“I learned when I cut out the snacks and increase the physical activity the weight will — slowly — come off. I also found that a cheap MP3 player really helps on my outdoor walks and that ’50s rock-n-roll beats Enya any day of the week for increasing one’s energy! I like to take the ‘Big Bopper’ (J.P. Richardson) on my walks! I feel much better in the past 10 weeks. The amount of energy I have is just amazing. Some of this is no doubt from the increased exercise,” he said.

Wood said he walks in Schenley Plaza and Schenley Park at lunchtime, using a pedometer to measure his activity level while gradually ramping up the amount of walking each day.

“I combined this with changing my after-dinner eating habits — that is, I stopped eating after dinner!” Wood said. “This has allowed me to lose about a pound a week. While seeing the scale go down is nice, it’s not the really important measure of whether this is working. I really gauge weight loss by waist size. If I build muscle mass to replace the fat, that’s just fine by me. So weight isn’t the whole story. I can tell I’m doing okay by being able to get into smaller pants.”

Team POWER (Provost’s Office Women, Energized and Ready) has been in the top 10 among teams on the Pittsburgh campus for the whole weight race, coming in at No. 7 in the latest standings.

“Having our name out there has definitely been a motivator. We don’t want to let down the Provost’s office or our teammates,” said POWER team captain Kit Ayars. “Seeing where we were in the standings each week helped give us a weekly kick in the butt — and it was fun, it helped to make it more of a game. We all seem to have a bit of a competitive streak.”

POWER teammate Mary Anne Davis said that one of the pluses for her is that “this is the first time that I have a head start on losing weight for summer. Every winter you plan to lose weight so that you can look good in a bathing suit and before you know it, it’s summer and you still don’t look good in a bathing suit.”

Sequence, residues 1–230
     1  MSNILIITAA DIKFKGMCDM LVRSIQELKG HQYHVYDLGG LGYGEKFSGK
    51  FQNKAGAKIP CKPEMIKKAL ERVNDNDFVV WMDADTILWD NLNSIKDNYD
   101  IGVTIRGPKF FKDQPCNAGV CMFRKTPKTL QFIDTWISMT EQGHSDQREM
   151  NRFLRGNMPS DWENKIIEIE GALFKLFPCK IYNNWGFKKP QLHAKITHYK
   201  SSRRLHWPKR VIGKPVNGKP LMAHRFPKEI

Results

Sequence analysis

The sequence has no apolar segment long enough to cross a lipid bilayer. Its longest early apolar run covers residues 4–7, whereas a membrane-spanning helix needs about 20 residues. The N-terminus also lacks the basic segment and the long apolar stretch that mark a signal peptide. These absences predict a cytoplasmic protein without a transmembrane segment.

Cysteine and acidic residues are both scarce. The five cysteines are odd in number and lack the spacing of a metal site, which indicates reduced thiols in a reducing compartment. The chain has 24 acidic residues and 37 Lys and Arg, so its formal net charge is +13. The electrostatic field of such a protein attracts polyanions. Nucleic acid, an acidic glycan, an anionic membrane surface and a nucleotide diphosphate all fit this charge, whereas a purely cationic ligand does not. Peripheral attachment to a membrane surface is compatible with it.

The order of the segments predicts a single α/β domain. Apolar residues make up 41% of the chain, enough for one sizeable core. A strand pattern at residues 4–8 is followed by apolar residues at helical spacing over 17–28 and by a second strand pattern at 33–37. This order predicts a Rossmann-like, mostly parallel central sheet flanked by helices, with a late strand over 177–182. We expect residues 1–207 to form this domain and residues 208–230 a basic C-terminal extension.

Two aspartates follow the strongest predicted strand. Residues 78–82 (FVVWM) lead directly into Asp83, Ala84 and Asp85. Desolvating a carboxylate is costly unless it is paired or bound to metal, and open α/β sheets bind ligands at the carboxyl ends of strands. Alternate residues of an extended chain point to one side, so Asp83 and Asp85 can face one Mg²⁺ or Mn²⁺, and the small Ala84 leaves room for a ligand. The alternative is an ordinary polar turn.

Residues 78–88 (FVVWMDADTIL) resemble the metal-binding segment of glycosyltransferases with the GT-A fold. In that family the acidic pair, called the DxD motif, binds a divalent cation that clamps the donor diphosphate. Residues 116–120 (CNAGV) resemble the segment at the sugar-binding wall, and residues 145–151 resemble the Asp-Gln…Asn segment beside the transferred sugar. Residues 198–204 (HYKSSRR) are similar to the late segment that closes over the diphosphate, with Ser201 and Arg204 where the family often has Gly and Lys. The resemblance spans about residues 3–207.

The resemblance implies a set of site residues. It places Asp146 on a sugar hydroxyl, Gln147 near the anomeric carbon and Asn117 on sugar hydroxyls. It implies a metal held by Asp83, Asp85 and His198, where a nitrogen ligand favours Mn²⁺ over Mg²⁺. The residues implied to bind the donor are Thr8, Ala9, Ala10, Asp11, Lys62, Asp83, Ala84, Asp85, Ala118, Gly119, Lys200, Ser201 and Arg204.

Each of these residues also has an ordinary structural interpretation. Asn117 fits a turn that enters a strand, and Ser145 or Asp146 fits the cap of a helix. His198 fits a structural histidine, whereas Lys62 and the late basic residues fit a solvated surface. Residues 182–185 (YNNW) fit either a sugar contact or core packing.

“Honestly, we all enjoyed it very much,” Ayars said. “We took off some pounds and got a little stronger and fitter, all of which is good for our physical health. But perhaps more importantly, we got to know each other better and we had a good time together — and with some of the other teams on campus. In that sense, the impact on our mental health was as strong or stronger than the impact on our physical well-being.”

Teammate Susan Borowski added, “I have never had so much fun with a group of people as I did with the provost’s POWER team ladies. This has been one of the most positive and fun things I’ve done so far in 2008. What a life-changing experience this has been for me. I will be sad to see this race end. I compared this race to a horse race because up until the last bend there was a chance to win. I like the excitement in that. Unlike a horse race though, everybody who crosses the finish line is a winner.”

The POWER team also learned a lot during the weight race, Ayars said.

Davis said, “I learned that losing weight isn’t impossible or even painful once you get the hang of it. When you work as a team, the load gets lighter — no pun intended.”

POWER teammate Joyce McDonald of the Center for Philosophy of Science added, “Accountability to others — your team — and exposure — public — are great motivational tools. Doing this helped me get through the dark winter months. I think I was more positive than I usually am in February and early March.”

Teammate Tonya LaRue Holloman said, “I learned that I can still eat the things I like, just in smaller portions, and still lose weight. And when I went to get my ring guards for my rings, I learned that I no longer wear a size 10 ring; I now wear a size 7!”